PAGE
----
How To: Install Sun Java in Ubuntu from Command-Line

Had to do a fresh install of Sun’s Java on a remote Ubuntu machine this weekend. It’s pretty easy to do in a graphical environment, but I only had ssh access. Since I couldn’t find a set of instructions on how to install Sun’s Java from the command line, I thought I’d put together my own how-to.

You’ll use the apt-get command to grab the Sun java .deb files and install them. It works just like a command-line version of the Synaptic Package Manager you probably used to install software from the graphical environment.

But apt-get doesn’t know how to find the Sun Java files unless you add some sources to its repositories: a list of all the places apt-get looks for software.

Once you’ve added the repositories to the source list for apt-get, one command will install everything for you. Here’s a step-by-step way to do it:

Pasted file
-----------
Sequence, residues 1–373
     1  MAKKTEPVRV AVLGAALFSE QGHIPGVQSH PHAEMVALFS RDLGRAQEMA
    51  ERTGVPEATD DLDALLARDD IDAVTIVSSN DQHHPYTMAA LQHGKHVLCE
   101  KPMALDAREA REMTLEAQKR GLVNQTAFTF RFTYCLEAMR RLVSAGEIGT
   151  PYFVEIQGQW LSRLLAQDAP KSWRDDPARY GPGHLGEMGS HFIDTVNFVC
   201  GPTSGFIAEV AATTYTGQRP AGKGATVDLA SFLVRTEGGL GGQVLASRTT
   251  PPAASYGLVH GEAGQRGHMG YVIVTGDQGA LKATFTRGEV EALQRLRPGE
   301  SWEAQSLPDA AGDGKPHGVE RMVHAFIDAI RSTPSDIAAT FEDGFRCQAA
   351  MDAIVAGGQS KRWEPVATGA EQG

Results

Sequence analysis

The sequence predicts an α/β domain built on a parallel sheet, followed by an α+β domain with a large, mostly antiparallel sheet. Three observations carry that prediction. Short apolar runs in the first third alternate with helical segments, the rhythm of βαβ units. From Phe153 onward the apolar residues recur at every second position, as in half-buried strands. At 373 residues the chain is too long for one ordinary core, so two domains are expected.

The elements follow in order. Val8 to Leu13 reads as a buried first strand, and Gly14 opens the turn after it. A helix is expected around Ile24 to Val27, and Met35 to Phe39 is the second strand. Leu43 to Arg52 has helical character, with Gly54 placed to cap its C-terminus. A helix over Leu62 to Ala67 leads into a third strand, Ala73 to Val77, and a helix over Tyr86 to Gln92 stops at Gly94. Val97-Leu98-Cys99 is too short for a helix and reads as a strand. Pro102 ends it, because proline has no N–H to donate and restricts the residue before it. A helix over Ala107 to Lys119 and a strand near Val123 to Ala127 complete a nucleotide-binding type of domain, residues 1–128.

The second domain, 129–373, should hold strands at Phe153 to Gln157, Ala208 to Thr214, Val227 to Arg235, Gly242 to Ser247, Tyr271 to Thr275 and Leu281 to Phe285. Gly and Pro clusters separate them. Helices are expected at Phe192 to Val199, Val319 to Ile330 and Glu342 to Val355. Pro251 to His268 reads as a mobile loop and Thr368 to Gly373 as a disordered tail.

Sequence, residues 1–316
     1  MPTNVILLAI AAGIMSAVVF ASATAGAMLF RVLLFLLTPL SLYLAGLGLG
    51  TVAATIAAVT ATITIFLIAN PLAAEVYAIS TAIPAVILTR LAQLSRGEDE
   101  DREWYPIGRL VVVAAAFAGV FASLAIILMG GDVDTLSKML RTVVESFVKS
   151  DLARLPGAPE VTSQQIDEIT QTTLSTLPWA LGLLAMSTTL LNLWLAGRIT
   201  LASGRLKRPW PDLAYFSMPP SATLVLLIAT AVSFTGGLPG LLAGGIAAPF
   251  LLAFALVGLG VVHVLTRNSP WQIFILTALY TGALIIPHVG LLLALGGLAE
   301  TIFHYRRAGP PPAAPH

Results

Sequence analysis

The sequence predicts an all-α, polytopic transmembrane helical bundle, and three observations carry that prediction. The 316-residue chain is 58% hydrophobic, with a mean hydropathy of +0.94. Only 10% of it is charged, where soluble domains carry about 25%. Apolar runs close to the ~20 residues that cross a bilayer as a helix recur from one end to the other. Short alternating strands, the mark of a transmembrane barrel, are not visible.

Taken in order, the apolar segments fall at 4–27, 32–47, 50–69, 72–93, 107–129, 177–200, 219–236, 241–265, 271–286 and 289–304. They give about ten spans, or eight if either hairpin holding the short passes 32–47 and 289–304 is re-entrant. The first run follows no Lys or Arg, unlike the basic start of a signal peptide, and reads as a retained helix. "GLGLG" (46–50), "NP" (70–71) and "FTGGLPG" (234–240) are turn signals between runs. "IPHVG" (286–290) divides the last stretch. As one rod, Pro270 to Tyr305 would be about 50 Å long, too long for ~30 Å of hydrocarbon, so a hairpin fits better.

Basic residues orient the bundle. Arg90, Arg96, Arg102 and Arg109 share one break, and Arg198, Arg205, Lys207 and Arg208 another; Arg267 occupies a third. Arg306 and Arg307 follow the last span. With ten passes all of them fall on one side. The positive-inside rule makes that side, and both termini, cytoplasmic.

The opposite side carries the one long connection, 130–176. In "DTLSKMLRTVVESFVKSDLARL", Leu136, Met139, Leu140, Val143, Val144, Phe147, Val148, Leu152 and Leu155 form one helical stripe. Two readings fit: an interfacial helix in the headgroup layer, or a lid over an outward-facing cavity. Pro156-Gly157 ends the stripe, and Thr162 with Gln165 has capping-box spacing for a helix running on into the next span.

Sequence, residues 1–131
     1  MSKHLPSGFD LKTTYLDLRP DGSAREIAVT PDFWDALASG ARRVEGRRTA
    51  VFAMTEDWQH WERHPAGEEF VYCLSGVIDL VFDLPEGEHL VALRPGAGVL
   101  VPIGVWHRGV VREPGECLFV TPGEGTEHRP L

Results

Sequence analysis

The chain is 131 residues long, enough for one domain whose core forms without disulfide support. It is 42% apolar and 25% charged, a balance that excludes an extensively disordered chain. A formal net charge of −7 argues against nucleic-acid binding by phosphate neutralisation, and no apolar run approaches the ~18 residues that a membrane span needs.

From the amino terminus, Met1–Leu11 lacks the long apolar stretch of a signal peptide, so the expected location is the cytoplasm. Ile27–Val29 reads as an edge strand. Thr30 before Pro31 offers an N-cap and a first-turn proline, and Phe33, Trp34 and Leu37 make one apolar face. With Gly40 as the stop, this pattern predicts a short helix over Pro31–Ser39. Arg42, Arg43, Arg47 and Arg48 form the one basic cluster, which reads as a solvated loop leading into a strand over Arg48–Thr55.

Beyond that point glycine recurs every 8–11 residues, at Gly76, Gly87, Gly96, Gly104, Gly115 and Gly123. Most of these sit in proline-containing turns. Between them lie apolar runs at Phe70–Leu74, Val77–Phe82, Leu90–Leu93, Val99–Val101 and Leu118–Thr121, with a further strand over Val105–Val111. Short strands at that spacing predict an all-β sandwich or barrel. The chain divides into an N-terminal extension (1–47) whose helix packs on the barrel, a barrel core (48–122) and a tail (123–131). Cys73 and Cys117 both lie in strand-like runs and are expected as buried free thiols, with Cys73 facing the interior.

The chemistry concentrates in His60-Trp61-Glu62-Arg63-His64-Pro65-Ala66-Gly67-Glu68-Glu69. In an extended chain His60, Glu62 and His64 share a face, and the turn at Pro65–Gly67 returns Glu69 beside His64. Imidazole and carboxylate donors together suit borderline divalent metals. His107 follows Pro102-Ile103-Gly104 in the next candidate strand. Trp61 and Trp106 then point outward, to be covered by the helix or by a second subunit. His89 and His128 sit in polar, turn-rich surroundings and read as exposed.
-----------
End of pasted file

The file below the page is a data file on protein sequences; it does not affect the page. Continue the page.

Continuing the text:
1. Type “nano /etc/apt/sources.list” to open a command-line text editor to edit the list of repositories apt-get will look through.
  2. You’ll see some lines, starting with “deb” or “deb-src” already in the file. Add the following lines to the file:

    deb http://us.archive.ubuntu.com/ubuntu/ hardy universe
    deb-src http://us.archive.ubuntu.com/ubuntu/ hardy universe
    deb http://us.archive.ubuntu.com/ubuntu/ hardy-updates universe
    deb-src http://us.archive.ubuntu.com/ubuntu/ hardy-updates universe

    deb http://us.archive.ubuntu.com/ubuntu/ hardy multiverse
    deb-src http://us.archive.ubuntu.com/ubuntu/ hardy multiverse
    deb http://us.archive.ubuntu.com/ubuntu/ hardy-updates multiverse
    deb-src http://us.archive.ubuntu.com/ubuntu/ hardy-updates multiverse

  3. Press Ctrl-O to save the file. Press Return to agree to name the file sources.list, then press Ctrl-X to leave the editor.
  4. Type: “apt-get update”
  5. Type: “apt-get install sun-java6-jdk”

That should do it!

5 thoughts on “How To: Install Sun Java in Ubuntu from Command-Line

  1. I’ve just done some site re-organizing. You should see a link at the bottom of the page now to my RSS feed. Does that work?

  2. Fantastic, this is the only properly working tutorial for installing Java on a new VPS that I’ve been able to find.

  3. Rick: you probably don’t have the right permissions to edit the file.

    Try using “sudo nano /etc/apt/sources.list” in step one, and follow the directions from there.

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